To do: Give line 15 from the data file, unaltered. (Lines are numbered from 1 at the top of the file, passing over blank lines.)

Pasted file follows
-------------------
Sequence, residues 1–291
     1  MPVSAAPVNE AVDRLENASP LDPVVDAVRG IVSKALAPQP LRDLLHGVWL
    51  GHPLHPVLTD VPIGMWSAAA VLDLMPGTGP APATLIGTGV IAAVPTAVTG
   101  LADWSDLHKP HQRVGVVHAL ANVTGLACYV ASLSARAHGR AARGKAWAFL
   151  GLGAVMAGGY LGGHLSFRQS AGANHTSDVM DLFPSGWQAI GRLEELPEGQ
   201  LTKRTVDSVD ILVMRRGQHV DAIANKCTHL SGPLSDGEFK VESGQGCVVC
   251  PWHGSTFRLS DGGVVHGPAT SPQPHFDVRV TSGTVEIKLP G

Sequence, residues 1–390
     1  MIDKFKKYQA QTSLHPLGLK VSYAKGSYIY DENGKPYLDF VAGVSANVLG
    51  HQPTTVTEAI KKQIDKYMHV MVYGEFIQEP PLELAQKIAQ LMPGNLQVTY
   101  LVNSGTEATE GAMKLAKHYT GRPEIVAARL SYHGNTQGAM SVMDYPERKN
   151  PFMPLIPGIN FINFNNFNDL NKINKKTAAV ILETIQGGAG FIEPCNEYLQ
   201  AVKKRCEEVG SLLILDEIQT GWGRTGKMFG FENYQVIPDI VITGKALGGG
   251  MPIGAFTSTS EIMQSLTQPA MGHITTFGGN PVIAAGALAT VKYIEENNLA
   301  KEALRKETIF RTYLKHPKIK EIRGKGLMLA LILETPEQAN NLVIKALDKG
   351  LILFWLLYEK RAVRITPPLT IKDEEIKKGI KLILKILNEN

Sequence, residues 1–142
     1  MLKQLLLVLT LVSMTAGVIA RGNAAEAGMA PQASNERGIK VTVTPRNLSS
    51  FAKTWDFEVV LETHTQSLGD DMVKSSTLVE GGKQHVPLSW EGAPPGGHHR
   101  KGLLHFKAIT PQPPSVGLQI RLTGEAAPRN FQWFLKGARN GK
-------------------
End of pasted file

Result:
   301  KEALRKETIF RTYLKHPKIK EIRGKGLMLA LILETPEQAN NLVIKALDKG